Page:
Has the Secretary of State’s Elections Division issued
information related to the November election?
Yes. The division released Advisory 2020-17 – November 3, 2020 Election Law Calendar. According
to the division:
“This calendar contains the relevant dates and deadlines
associated with that election. The calendar has also been modified
to account for deadlines that may have shifted as a result of the postponement
of the primary runoff election to July 14, 2020. There are also
entries related to the postponement of May 2, 2020 elections to November 3,
2020. The ‘Dear Voter’ letter for this election will be
posted to our website this week.
Please note that our office will release an updated July 14,
2020, Election Law Calendar that reflects the extension of the early voting
period this week as well. We have also updated the ‘Dear Voter’
letter to reflect the changed dates. That revised letter has been posted
to our website. Here is the updated link to the English version and the Spanish version.
This advisory and other resources are located on your Conducting Your Elections pages.”
What is the latest news on the disaster exemption in Senate Bill
2 that authorizes a city council to calculate their voter-approval tax rate at
8 percent instead of 3.5 percent under certain circumstances?
As we reported yesterday (May 18), the governor stated verbally
that he doesn’t believe a city can rely on his disaster declaration to
calculate the voter-approved rate at a number higher than 3.5 percent without
an approval election. (TML’s interpretation that the 8 percent voter-approval rate
calculation is an option for city councils pursuant to the statewide COVID-19
disaster declaration hasn’t changed.)
A group of 226 so-called “grassroots political opinion leaders”
sent a letter to the governor yesterday stating, among many other
things, that “tax relief is needed NOW to alleviate the burdens on families,
empower entrepreneurs, and enable employers to further engineer the economic
recovery Texans need, want, and deserve.”
It’s odd that the group would send that message to the governor;
he doesn’t set property tax rates. They would be better off sending it to
their own mayor and city council or attending their city’s budget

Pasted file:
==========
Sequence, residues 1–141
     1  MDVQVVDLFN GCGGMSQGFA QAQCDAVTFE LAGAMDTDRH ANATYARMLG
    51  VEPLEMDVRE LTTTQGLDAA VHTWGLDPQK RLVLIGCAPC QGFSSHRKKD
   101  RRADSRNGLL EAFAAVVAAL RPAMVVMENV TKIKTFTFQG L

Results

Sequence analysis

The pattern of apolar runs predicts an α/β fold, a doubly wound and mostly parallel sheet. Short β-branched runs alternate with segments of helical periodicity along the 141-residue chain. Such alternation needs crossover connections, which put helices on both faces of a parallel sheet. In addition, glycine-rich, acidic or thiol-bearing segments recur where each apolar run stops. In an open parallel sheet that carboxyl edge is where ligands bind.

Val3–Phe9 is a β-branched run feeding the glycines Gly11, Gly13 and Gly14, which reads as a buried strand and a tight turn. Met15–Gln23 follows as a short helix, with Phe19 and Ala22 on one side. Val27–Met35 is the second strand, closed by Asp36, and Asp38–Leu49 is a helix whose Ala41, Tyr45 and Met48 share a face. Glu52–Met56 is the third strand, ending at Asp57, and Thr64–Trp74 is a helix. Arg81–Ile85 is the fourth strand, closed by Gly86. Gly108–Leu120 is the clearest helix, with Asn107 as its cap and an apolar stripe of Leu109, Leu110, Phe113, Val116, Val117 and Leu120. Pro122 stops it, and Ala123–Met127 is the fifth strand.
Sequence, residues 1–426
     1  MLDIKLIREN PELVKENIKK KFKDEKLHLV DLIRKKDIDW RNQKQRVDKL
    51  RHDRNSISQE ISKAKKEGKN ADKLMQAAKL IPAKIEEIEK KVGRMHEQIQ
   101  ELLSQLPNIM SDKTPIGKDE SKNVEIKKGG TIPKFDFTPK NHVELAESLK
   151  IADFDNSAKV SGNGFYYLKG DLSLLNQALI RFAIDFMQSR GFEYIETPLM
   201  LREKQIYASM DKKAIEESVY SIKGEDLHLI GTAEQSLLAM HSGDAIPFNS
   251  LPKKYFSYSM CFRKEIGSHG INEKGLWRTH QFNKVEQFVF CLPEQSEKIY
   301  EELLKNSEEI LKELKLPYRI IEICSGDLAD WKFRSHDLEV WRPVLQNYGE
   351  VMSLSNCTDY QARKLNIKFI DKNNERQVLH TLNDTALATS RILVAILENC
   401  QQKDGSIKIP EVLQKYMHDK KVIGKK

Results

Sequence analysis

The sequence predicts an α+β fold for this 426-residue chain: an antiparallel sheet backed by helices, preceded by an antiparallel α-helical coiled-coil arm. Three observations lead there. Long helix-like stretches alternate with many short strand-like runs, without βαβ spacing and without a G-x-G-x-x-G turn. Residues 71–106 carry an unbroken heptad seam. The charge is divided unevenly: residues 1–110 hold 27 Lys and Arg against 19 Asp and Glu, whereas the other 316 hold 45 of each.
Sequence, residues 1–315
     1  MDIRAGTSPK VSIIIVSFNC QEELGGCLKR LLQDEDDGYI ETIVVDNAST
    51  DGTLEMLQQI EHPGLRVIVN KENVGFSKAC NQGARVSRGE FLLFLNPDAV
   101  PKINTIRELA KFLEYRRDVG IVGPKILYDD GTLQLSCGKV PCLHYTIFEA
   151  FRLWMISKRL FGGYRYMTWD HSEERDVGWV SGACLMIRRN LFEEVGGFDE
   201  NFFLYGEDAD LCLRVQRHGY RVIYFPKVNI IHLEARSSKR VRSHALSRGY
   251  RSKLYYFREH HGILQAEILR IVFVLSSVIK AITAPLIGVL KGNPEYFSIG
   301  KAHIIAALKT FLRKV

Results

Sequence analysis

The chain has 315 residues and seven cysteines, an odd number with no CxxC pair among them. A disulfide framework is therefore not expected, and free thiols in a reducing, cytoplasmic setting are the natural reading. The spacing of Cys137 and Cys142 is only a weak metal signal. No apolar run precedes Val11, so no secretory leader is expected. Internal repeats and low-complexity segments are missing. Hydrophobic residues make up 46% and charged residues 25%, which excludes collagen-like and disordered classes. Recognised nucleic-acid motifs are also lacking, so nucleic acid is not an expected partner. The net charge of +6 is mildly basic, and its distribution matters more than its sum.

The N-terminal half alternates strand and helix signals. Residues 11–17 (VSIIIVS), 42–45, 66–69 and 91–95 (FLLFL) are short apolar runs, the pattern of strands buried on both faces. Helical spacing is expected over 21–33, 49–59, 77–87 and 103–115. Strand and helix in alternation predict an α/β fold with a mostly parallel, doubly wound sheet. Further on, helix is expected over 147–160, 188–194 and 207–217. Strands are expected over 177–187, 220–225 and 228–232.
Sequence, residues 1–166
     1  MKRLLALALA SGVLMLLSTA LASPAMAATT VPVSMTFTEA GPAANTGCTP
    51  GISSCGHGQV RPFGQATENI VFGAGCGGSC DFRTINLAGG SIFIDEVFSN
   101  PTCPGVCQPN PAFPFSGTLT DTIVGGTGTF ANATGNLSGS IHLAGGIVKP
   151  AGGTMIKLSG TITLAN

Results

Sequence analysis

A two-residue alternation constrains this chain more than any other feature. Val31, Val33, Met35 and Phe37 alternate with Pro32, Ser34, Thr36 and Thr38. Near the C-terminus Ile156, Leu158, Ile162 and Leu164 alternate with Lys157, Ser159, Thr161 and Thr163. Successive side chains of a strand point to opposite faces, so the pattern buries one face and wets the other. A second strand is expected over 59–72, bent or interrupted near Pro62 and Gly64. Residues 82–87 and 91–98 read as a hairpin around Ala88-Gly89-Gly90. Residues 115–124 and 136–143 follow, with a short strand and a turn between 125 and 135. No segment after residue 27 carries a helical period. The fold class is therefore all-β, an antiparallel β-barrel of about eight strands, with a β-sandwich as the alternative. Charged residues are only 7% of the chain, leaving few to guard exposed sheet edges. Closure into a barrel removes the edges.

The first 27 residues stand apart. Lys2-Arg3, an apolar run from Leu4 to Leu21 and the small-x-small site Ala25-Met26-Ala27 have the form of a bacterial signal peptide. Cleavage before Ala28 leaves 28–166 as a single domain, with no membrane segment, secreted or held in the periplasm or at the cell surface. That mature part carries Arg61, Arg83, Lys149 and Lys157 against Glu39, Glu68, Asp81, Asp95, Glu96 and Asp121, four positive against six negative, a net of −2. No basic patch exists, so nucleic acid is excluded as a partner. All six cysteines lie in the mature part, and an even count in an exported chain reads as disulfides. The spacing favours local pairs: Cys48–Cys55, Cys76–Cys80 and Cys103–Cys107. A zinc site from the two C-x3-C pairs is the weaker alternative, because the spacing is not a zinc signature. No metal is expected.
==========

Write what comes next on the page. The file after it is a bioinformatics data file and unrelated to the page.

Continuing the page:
hearings. City councils set their budgets and tax rates, and they are well
aware that what they do affects residents and businesses in their
city. The governor recognizes that (see next question).
What further statements has the governor made with respect to
property taxes in general?
The governor issued the following press release today (May 19):
“Governor Abbott Urges Local Governments Against Increasing
Property Taxes For Texans:
Governor Greg Abbott today responded to a letter from members of the Texas Democratic Congressional
Delegation regarding tax burdens on Texans. In his letter, the Governor voices his support of lessening the
tax burden on Texans but clarifies that local governments – not the State
of Texas – set the property tax rates. The Governor disagreed with the
members' support of raising taxes in times of economic prosperity.
‘Property owners shouldn’t be saddled with rising property taxes
while dealing with a pandemic,’ said Governor Abbott. ‘As a result, local
governments, who set property tax rates, should find ways to reduce the tax
burden on Texans. Whether we're facing times of challenge or times of prosperity—raising
taxes on the people of Texas is never the answer.’
In his letter, the Governor also urged the members to help pass
legislation that protects business owners, healthcare facilities and employees,
and first responders from being held liable for COVID-19 exposure claims when
they adhere to relevant public health guidelines and make good faith efforts to
limit the risk of exposure and infection.”
City officials should commend the governor for deferring to
their judgment about local budget and tax decisions.
Where can I find archived issues of the TML Coronavirus Updates?
TML Coronavirus Updates are archived by date here and by subject here.